Farming of avocado, known as green gold, on the rise in Africa
In East Africa and Nigeria, avocado farmers want to enter the insatiable export market. Due to high global demand, the avocado has become a lucrative export product.
The per capita consumption of the fruit increased by 406 % between 1990 and 2017 in the US alone.
The so-called green gold is rapidly gaining popularity on the African continent. Both Nigeria and Uganda aim to drastically increase their avocado production and become top exporters in the next decade.
Kenya is already among the global top 10. Export revenues in the East African country surged by a third between 2019 and 2020. Farmers are hailing the crop as an antidote to poverty in rural areas.
But the sought-after fruit has been making negative headlines around the world. Water shortages and the destruction of biodiversity have been linked to its production. The environmental issues have cast a dark shadow over the commercial farming of avocados in Latin America's top exporting countries, such as Mexico and Chile.
But African avocado farming is promising a brighter future, according to both farmers and scientists. Due to an emphasis on smallholders and beneficial rain patterns, the crop's production is expected to be less environmentally harmful than on the American continent.
Avocados are highly nutritious. About 64 percent of the fat in avocados is monounsaturated, which lowers LDL (bad) cholesterol levels, reducing the risk of a heart attack or stroke.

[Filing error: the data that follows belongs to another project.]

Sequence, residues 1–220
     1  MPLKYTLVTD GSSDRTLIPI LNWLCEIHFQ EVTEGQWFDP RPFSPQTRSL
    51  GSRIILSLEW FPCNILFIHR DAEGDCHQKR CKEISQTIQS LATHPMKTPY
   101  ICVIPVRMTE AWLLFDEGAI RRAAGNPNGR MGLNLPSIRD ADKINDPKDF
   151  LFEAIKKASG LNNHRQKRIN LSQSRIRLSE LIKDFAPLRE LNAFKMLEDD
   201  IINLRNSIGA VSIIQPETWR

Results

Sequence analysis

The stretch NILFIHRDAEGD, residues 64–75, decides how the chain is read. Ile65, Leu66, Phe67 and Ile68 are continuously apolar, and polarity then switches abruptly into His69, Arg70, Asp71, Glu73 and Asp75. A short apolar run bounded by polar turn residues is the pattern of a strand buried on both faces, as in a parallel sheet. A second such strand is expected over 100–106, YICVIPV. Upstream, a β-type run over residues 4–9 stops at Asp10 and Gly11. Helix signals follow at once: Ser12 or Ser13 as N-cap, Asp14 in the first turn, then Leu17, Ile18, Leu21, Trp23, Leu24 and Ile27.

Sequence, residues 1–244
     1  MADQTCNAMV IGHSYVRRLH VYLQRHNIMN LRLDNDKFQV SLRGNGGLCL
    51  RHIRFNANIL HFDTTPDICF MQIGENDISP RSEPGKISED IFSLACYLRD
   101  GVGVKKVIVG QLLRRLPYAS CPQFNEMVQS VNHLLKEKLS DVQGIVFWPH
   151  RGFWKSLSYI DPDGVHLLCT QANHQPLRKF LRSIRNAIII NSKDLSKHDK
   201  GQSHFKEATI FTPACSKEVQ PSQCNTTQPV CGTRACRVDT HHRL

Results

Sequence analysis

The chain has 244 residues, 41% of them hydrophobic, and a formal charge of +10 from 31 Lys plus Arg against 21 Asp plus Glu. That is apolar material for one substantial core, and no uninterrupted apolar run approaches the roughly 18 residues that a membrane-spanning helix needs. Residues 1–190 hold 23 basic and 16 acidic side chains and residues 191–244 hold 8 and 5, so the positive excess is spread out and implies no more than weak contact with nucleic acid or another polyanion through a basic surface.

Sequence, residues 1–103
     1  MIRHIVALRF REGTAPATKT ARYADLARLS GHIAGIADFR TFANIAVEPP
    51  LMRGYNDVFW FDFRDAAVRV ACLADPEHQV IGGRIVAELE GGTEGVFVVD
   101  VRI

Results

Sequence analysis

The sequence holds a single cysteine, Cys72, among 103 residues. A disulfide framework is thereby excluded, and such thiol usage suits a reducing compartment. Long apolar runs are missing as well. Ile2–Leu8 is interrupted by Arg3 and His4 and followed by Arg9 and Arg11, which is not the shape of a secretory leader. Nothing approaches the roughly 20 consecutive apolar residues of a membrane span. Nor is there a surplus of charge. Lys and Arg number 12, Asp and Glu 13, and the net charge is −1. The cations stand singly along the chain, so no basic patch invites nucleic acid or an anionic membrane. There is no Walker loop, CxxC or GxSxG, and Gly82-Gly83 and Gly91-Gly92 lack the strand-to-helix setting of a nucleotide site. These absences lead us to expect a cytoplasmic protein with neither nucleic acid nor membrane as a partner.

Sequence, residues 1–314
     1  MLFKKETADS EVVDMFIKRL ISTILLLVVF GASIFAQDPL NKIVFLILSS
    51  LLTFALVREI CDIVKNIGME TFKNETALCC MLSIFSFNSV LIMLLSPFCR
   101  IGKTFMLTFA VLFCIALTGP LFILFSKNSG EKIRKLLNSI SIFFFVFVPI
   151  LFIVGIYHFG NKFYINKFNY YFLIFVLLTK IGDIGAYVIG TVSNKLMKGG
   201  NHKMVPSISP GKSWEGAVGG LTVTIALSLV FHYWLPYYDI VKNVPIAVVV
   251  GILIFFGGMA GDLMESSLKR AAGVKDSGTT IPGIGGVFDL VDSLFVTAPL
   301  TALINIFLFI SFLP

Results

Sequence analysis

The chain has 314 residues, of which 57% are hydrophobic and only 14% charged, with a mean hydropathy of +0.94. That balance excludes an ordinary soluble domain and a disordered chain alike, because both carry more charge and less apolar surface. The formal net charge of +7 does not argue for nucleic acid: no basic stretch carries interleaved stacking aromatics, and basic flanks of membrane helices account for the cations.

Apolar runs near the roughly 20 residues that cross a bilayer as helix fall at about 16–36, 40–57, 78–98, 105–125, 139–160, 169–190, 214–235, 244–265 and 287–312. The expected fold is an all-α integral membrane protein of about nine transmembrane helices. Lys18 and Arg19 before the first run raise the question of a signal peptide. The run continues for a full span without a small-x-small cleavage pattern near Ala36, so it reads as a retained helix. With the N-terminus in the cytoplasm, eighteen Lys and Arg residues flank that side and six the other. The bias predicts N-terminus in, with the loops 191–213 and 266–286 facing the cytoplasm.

They're rich in blood-pressure-lowering potassium and fiber. Half an avocado contains almost 5 grams of fiber, about 20 percent of the amount you need in a day. Plus, they supply decent amounts of folic acid and vitamins B6, C, E, and K.
They also contain the carotenoids lutein and zeaxanthin, which are linked to eye health and help to give the fruit’s interior its color.
Avocados the new oil?
"Avocado is actually a godsend because farmers can use it as an alternative to coffee farming," Sammy Carsan, agroforestry scientist at the World Agroforestry Center in Nairobi, told DW.
In recent years, fierce competition between large retailers has driven down coffee prices. In 2019, coffee farmers' earnings dropped to their lowest in 13 years. Now, hopes are high for avocado to fill the income gap.
According to The Guardian newspaper in Nigeria, former Nigerian President Olusegun Obasanjo called the fruit "the new oil of Nigeria" during a meeting with members of the Avocado Society of Nigeria (ASN) late last year.
The politician-turned-avocado-enthusiast is the largest stakeholder in the society and owns 20 hectares of Hass avocado farming land himself — the avocado variety most commonly used for exports.
In Uganda, the Agriculture Ministry recently partnered with Musubi Farm, hoping to start commercial export next year. Musubi is already employing 1,000 people from the local community. "We are also financially supporting a local school and are providing land for a local police force in order to deal with crime in the community. Avocados can transform our community," said Ssengendo, the director of communications.
According to the Water Footprint Network, it takes 2,000 liters of water (528 gallons), or 10 full bathtubs, to grow just one kilo of avocados. Planting the fruit has been linked to water shortages in Chile, for example, where farming has affected water availability for human consumption.
In Uganda and Nigeria, avocado farms are mainly located in areas with beneficial rain patterns, according to Sommaruga.
Frequent rainfall means farmers do not have to rely on irrigation systems, which artificially apply water to the soil. "In smallholder settings, avocado is produced on a rain-fed basis with few irrigation systems," Carsan said about avocado farmers in Kenya.